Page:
With the Cavaliers losing the NBA Finals to the Golden State Warriors, there is, of course a lot of scrutiny on the organization, and what the Cavs will do going forward.
There is the matter of whether or not GM David Griffin will stay on in that capacity, and what changes in the roster will be made for the 2017-18 season.
One of the things the lazy fans and media have talked about is the possibility of a coaching charge, which we find ridiculous. You cannot point to anything Tyronn Lue did in The Finals to cost the Cavaliers the series.
Is this to say Lue is the greatest coach in the NBA? No, but we would put him in the upper tier of head coaches in the Association.
He was hamstrung against Golden State because his bench contributed basically nothing, so he was manipulating his reserves in order to get his starters some rest without the game getting out of hand. That causes him to be in a defensive coaching style.
On the other hand, a criticism of Lue was that he didn’t develop some of the players on the bench during the regular season. The Cavaliers played very well in February and Derrick Williams was a solid contributor during that month, yet he disappeared in March and throughout the playoffs.
We don’t go to practice, so we don’t know if something happened to cause Williams to fall out of favor, but he is the type of player who it seems could have helped against the Warriors.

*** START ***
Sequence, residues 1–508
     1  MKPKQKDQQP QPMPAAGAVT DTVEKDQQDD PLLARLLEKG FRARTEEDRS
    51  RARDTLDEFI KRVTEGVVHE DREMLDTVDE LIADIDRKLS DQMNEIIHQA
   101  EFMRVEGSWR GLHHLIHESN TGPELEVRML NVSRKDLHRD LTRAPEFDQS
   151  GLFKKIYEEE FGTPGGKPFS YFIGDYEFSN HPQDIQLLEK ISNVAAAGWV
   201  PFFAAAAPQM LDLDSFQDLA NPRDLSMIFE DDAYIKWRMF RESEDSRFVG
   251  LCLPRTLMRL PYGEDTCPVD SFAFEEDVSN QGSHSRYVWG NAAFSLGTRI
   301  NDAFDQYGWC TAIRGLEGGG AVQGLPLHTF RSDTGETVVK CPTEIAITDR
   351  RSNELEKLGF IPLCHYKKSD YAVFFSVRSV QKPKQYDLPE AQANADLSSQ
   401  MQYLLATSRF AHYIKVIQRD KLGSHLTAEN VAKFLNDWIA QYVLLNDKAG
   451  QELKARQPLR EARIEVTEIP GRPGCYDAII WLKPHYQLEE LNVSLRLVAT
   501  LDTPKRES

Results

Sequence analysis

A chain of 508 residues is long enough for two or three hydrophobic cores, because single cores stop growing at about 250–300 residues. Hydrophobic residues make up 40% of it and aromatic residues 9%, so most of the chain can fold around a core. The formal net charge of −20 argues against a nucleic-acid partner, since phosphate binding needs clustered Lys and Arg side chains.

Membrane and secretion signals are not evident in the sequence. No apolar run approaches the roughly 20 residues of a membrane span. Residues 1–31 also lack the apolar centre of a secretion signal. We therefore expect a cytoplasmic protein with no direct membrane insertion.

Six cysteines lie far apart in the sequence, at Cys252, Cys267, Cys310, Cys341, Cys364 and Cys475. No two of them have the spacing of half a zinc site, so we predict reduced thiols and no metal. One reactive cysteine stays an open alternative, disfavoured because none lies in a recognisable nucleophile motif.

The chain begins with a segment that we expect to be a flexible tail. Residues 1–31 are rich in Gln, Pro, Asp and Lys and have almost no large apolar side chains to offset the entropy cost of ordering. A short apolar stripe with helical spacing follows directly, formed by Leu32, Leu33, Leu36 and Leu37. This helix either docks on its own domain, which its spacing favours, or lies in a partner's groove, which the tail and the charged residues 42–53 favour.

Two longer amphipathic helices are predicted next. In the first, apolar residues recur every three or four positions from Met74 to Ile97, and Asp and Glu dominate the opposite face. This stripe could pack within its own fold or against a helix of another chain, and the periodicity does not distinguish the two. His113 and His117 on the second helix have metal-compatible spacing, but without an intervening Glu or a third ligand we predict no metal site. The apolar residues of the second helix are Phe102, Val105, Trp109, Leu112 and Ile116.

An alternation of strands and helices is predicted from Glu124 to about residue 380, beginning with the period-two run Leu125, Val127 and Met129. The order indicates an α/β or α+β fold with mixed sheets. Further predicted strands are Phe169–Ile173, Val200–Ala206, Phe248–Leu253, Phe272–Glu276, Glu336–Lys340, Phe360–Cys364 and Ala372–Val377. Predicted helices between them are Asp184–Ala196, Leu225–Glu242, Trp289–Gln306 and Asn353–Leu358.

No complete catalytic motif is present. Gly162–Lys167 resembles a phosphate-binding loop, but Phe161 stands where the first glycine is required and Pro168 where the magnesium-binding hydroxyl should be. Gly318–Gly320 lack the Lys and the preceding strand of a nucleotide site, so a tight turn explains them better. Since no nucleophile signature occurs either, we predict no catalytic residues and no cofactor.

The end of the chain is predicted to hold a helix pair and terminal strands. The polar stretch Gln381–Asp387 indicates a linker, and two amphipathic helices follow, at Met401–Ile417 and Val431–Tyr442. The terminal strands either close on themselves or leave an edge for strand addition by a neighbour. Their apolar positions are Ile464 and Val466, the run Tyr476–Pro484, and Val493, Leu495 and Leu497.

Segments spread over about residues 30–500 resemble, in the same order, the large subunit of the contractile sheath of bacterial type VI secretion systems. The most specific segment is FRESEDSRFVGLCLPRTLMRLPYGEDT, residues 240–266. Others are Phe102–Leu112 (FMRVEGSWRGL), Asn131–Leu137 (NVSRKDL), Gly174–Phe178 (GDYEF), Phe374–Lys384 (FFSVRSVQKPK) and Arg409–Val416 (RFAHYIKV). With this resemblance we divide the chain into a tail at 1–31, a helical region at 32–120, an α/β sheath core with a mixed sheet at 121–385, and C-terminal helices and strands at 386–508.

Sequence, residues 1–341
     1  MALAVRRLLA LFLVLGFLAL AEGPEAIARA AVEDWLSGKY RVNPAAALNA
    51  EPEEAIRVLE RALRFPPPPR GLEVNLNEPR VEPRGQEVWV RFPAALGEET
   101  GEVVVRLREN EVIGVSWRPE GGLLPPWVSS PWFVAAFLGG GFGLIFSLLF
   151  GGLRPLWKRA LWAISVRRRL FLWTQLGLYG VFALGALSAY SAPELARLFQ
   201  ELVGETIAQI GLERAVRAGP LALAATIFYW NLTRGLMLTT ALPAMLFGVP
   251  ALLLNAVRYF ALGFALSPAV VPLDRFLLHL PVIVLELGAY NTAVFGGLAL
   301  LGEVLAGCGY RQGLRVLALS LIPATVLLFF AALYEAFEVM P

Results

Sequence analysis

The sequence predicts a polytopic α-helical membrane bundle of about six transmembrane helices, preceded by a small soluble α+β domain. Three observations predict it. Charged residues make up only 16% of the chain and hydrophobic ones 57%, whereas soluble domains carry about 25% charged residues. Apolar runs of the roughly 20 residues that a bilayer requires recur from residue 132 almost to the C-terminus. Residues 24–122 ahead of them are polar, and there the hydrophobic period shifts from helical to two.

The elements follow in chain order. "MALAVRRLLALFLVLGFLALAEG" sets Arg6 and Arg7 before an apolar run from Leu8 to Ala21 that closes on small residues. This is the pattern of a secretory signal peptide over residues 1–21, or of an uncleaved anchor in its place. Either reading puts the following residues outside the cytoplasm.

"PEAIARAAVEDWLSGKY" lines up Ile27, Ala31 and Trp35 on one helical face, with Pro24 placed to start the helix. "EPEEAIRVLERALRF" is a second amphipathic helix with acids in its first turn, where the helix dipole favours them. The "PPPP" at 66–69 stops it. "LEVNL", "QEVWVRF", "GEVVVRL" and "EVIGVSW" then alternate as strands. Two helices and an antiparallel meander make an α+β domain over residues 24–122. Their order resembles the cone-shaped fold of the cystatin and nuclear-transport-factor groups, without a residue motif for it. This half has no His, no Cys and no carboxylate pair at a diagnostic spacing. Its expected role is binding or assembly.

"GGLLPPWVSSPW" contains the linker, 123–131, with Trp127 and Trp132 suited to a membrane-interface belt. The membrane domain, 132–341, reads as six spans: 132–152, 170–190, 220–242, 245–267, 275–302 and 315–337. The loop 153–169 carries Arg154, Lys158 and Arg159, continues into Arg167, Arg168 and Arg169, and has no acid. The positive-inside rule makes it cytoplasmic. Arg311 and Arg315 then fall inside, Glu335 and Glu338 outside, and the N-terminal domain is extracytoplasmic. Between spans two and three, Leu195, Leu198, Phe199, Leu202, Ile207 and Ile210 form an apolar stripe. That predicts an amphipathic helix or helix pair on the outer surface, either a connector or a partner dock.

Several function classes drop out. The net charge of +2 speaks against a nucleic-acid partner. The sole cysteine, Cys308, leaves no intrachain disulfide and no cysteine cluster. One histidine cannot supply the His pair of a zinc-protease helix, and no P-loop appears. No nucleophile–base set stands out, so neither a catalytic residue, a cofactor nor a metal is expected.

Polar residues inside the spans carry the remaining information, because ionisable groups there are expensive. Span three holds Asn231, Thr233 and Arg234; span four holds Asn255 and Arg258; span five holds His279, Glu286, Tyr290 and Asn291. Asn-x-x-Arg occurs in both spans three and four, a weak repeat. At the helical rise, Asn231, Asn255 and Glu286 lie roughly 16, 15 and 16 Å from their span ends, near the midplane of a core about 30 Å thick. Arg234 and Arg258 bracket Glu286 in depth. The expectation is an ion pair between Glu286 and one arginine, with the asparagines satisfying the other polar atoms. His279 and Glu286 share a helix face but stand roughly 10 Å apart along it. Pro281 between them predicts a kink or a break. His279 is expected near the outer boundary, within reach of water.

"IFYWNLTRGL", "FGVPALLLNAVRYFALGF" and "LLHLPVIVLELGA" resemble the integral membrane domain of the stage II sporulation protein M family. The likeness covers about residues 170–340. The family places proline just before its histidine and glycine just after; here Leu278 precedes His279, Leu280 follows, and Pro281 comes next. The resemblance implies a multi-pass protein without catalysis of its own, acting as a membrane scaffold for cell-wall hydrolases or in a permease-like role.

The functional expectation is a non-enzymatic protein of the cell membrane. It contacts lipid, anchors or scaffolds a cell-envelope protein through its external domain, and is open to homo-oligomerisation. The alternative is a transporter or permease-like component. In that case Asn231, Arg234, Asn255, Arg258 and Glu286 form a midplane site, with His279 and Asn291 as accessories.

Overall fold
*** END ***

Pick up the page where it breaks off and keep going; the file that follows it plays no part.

Again, just because we think Lue is one of the NBA’s better coaches, doesn’t mean there aren’t things he should do differently next season.
The first is to establish more of a defensive mindset from the start of training camp. After the calendar switched to 2017, the ability to stop opponents from scoring fell greatly.
Once the playoffs started, the Cavs used some different schemes and the defense improved, that worked, but it shouldn’t come down to that.
And it has been reported that the head coach himself takes more of a role in the defense once the regular season ends. It starts with the individual, but perhaps there should be more of a mindset on that side of the ball right from the get go.
The second change that needs to be made is monitoring minutes, especially for James, who will turn 33 years old during next season.
In conjunction with this, the coaching staff must come up with a plan to play better when James isn’t in the game.
Even when James is on the bench, Lue still has Kyrie Irving and Kevin Love on the floor, and it shouldn’t be difficult to make sure those two are on the floor when James isn’t.
The ball movement that is present when James is on the floor seems to stop when the best player in the game isn’t on the floor. The coach has to insist the same style of play occurs no matter who is on the court.
That was also evident in the playoffs when Irving was playing iso ball, and his shot wasn’t going down. That isn’t pretty basketball, in fact, it is conducive to the other team going on a run.
The point here is Lue was good enough to guide the Cavs to a title a year ago, and this year, some of his moves didn’t work because his bench didn’t help him out.
So save the hot takes to get a new coach. Tyronn Lue is the man for the job.